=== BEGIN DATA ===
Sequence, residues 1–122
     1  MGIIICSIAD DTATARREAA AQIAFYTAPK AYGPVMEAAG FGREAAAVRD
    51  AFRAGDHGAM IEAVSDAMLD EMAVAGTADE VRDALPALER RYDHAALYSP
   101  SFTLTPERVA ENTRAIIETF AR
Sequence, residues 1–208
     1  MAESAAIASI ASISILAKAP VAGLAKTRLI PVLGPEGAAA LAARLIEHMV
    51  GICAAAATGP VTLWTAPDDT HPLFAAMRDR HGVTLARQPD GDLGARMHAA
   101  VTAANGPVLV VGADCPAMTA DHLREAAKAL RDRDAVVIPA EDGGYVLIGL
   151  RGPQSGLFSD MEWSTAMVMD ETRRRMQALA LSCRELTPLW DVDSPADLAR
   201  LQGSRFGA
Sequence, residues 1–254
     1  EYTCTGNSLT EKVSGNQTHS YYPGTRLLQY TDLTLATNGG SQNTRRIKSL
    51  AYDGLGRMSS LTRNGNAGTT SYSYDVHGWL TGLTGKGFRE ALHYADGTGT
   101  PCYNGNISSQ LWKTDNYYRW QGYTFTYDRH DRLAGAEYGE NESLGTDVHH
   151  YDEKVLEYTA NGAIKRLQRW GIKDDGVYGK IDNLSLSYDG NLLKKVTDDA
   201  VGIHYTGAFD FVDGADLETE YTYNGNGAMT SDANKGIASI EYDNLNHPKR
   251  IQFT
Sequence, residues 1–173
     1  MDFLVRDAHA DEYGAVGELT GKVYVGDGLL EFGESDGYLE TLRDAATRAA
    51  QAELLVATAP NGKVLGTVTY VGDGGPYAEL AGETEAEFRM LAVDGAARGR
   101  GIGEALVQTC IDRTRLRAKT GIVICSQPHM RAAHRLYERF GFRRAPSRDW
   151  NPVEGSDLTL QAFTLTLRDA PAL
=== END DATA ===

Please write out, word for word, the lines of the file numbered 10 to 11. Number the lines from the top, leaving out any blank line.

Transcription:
   201  LQGSRFGA
Sequence, residues 1–254